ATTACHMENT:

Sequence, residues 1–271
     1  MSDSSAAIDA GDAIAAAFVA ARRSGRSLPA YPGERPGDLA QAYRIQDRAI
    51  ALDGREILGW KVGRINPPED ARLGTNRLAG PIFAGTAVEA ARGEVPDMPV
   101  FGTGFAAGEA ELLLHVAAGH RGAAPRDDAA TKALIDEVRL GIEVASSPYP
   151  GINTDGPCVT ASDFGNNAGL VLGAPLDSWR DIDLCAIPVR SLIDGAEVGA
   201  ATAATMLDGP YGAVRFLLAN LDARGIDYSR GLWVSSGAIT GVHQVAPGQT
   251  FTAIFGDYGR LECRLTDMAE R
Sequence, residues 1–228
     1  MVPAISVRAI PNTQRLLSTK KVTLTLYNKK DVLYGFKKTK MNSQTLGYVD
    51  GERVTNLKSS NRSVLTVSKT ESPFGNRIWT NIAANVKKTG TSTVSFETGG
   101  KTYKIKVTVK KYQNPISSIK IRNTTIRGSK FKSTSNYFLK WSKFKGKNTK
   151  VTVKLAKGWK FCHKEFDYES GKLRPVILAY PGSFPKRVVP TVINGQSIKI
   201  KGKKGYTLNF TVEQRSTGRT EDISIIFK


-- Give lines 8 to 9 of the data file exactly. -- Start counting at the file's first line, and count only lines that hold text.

Sequence, residues 1–228
     1  MVPAISVRAI PNTQRLLSTK KVTLTLYNKK DVLYGFKKTK MNSQTLGYVD